If you work in finance, chances are you may already be expert in today’s preeminent dataflow modeling language: Microsoft Excel. Excel is the undisputed workhorse of financial applications, taught in every business school, run on every desk, wired into the infrastructure of nearly every bank, fund, or exchange in existence. The reason for Excel’s singularity in the black hole of finance is its ability to emancipate modeling from code (and thus developers) and empower analysts and business types alike to create models as interactive documents. Make no mistake — writing workbooks is still very much software development. But Excel’s emphasis on data rather than code, relationships rather than instructions, is something that fits with the work this industry does and the people that do it.

Briefly, when you model in Excel, you specify a cell’s output by filling it with either a constant value or a function. Functions are written in a lightweight language that allows function arguments to be either constant values or references to another cell’s output. In the typical workbook, cells may reference cells that in turn reference other cells, and so on, resulting in an arbitrarily sophisticated model that can span multiple worksheets and workbooks. The point though is that, rather than specifying your model as a sequence of steps that get executed when you say go, here you describe your model’s core data relationships to Excel, and Excel figures out how and when it should be executed.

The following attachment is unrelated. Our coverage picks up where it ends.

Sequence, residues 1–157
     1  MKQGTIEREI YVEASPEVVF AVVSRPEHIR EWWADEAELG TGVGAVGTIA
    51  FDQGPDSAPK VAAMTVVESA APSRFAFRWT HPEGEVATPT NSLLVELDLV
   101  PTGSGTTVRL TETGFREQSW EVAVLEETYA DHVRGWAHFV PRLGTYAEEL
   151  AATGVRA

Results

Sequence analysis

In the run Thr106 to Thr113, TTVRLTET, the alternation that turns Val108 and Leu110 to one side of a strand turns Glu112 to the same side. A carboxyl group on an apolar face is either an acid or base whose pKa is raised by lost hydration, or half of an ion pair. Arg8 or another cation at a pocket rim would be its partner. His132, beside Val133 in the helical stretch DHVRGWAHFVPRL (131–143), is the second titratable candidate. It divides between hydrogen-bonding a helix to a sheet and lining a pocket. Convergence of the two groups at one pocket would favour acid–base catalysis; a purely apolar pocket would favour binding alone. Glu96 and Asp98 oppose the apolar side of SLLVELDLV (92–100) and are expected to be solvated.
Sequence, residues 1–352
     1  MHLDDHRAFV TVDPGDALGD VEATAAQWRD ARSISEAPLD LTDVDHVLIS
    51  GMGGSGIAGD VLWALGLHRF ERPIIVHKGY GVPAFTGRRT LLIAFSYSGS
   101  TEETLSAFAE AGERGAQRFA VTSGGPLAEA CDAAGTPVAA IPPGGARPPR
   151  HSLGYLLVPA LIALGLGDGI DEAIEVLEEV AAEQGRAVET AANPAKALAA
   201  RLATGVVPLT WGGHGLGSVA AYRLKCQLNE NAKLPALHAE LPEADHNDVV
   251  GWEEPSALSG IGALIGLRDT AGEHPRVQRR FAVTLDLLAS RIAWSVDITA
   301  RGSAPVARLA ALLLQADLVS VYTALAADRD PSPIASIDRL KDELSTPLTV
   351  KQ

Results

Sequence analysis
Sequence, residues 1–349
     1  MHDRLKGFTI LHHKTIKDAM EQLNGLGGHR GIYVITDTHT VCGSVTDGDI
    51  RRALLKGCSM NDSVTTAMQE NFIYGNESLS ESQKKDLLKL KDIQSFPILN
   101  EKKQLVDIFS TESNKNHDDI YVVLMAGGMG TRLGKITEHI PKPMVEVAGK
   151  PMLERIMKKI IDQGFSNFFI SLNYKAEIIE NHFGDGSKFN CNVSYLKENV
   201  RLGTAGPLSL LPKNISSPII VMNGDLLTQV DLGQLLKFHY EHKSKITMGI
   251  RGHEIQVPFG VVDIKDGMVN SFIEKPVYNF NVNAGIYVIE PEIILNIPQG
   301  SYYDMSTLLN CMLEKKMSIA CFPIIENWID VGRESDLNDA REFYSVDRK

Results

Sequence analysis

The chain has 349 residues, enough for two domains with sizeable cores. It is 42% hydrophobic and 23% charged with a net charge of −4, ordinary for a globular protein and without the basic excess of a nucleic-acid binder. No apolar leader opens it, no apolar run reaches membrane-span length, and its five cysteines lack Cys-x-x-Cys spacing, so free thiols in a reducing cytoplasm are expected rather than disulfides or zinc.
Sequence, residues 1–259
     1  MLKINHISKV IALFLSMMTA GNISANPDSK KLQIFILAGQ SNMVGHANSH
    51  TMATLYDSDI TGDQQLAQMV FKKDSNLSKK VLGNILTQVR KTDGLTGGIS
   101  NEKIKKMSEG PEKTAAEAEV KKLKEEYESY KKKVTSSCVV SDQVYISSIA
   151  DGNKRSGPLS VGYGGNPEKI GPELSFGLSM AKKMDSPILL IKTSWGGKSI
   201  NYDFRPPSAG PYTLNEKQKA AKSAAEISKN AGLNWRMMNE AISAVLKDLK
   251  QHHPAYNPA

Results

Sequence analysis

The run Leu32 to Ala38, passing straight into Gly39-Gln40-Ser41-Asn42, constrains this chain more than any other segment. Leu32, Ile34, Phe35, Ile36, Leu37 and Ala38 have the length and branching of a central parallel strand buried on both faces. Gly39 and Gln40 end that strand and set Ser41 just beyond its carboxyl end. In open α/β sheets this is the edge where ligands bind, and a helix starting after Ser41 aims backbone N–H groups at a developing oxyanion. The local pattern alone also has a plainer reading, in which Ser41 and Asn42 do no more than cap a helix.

Example: An Equities Market Simulation

Let’s say that we are writing a simulation for an equities (stock) market. Such a simulation could be used for testing a trading strategy or studying economic scenarios. The market is comprised of many equities, and each equity has many properties, some that change slowly over time (such as ticker symbol or inception date), and some that change frequently (such as last price or volume). Some properties may be functions of other properties of the same equity (such as high, low, or closing price), while others may be functions of properties on other equities (such as with haircuts, derivatives, or baskets).